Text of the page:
Or, maybe you have a go-to roast, but you’re not sure if a different level might suit you better?
Well, good news.
You’ve come to the right place.
In this article, I’m going to give you the rundown on light roast vs dark roast so you can learn the difference and choose the right one for you.
Ready to get started?
Let’s take it from the top!
Light Roast Vs Dark Roast: In A Nutshell
Coffee beans can be roasted to varying degrees.
You’ve got light roasts, medium roasts, and dark roasts. Then you’ve also got medium dark roasts, and extra dark roasts, too.
Basically, there are 2 factors that affect a roast level:
- How long are the beans roasted for
- What temperature they’re roasted at
The longer they’re roasted for, and the higher the temperature they’re roasted at, the darker the roast will become.
Beans that are roasted at a lower temperature for a shorter amount of time are light roasts.
Those that are roasted at slightly higher temperatures for a little bit longer are medium roasts.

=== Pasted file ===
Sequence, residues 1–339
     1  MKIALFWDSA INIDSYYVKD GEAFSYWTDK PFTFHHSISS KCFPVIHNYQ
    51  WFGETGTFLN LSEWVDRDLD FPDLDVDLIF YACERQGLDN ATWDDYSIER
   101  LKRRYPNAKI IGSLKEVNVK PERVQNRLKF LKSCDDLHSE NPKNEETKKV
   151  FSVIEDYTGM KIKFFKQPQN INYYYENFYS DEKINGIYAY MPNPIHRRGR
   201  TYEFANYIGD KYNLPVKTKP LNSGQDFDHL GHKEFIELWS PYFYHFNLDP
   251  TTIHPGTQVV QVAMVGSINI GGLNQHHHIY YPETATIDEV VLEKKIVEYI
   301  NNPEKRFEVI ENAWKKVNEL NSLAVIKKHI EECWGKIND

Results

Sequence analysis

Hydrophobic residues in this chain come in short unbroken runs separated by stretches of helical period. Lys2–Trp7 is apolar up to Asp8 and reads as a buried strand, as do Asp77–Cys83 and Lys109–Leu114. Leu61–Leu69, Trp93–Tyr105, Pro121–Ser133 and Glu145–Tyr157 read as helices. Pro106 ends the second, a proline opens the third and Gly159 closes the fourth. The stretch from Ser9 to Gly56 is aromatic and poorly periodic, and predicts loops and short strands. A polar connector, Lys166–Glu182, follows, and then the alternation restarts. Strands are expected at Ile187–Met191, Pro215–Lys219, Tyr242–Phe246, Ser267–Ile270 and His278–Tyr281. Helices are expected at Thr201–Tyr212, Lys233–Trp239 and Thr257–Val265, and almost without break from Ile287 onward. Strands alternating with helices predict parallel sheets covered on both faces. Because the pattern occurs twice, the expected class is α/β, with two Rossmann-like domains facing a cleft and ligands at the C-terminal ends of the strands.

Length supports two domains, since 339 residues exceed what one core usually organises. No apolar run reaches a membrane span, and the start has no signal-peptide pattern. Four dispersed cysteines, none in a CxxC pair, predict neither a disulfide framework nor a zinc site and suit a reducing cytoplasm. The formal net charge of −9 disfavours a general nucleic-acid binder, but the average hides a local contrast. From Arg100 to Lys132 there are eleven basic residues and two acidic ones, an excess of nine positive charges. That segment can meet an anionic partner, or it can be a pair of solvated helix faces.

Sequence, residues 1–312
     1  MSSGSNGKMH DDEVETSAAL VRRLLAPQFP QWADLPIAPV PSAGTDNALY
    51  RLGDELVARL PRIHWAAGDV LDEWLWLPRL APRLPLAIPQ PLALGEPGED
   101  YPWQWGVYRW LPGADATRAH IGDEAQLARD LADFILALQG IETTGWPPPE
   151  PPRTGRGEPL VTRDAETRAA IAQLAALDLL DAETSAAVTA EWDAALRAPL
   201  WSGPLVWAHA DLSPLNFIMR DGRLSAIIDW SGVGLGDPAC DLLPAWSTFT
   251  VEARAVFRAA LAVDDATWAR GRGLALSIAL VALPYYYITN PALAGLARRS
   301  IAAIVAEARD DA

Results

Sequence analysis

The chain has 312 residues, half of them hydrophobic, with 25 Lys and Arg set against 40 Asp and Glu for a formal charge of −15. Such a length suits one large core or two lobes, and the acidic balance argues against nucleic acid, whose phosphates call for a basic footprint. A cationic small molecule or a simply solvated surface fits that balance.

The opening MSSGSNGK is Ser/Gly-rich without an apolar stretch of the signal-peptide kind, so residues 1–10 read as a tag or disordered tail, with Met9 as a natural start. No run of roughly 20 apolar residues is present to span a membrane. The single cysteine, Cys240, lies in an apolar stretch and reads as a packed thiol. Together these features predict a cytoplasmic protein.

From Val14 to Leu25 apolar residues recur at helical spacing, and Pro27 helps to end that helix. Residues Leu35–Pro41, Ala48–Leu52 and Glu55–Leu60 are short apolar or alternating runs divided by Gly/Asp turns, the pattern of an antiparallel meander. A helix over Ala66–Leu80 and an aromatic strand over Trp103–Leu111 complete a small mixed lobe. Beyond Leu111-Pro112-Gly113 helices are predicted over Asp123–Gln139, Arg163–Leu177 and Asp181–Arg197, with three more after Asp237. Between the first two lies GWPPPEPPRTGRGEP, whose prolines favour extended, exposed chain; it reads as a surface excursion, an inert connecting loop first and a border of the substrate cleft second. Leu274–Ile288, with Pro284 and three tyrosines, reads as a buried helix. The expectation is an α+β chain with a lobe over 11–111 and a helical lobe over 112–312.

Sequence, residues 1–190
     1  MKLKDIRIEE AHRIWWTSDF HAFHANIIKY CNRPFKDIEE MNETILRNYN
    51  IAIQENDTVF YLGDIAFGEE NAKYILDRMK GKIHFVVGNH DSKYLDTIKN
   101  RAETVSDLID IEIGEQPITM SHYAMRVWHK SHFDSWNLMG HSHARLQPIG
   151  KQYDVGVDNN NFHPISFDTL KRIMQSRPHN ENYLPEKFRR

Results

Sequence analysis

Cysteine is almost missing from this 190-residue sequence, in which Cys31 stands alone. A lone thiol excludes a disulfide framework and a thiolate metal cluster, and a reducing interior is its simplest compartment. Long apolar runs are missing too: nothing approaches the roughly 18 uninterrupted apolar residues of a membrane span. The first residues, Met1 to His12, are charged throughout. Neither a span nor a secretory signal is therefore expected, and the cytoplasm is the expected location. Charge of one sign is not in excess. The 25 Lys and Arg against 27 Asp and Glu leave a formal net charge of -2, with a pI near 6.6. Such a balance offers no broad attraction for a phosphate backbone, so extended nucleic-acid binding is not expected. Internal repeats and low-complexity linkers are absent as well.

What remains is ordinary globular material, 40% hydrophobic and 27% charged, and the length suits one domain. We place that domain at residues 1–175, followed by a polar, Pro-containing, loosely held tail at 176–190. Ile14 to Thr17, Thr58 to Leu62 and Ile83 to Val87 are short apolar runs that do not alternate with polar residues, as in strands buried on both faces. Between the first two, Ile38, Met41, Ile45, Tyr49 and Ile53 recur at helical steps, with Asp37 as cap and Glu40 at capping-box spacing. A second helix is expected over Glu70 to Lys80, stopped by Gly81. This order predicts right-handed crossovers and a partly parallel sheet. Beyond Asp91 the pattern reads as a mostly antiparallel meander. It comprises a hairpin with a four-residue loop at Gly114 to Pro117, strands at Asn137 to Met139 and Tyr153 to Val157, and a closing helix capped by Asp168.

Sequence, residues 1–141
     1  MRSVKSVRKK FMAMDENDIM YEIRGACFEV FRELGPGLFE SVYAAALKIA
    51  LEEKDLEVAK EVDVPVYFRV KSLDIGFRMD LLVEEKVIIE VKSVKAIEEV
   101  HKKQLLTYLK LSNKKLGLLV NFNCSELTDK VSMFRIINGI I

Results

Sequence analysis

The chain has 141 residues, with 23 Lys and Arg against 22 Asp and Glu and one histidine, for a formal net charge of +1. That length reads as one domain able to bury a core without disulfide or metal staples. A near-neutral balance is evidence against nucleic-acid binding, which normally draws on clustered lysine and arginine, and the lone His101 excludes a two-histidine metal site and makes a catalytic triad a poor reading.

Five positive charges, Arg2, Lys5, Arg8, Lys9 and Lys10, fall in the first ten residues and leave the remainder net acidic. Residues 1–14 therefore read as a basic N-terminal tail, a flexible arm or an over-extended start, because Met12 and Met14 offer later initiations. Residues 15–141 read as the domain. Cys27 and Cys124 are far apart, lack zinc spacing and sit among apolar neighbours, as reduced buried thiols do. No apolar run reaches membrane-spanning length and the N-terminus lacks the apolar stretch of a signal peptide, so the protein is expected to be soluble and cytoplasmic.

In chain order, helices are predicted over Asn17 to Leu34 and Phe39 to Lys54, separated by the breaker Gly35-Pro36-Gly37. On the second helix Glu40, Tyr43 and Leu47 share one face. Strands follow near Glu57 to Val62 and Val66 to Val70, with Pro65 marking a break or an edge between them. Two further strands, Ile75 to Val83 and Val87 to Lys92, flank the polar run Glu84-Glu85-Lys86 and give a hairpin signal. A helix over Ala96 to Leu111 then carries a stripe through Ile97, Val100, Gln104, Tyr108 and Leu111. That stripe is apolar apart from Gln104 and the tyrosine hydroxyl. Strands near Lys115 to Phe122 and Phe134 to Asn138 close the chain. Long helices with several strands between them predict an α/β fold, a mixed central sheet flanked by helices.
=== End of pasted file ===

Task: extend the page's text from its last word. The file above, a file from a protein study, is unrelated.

And, finally – beans that are roasted at the highest temperatures for the longest amount of time are dark roasts.
Which one works for you will largely come down to your own personal preference. That being said, certain roasts are better for certain brewing methods.
But, I’ll tell you all about that in just a minute.
Let’s dive a little bit deeper into each coffee roast level, to see what each one has to offer.
Light Roast Coffee
Light roasts are roasted at 356 – 401°F until the “first crack” happens.
This is when the coffee bean begins to crack and expand. It does this twice, but light roasts don’t ever get anywhere close to the “second crack.”
These roasts are lighter in color and body, but they retain a lot more of the coffee bean’s subtle flavors and aromas. These flavors can be fruity, citrusy, floral, earthy, or spicy – depending on the type of coffee bean and the region it’s from.
Generally, these roasts are favored when brewing filter coffee.
Why is that, you might be wondering?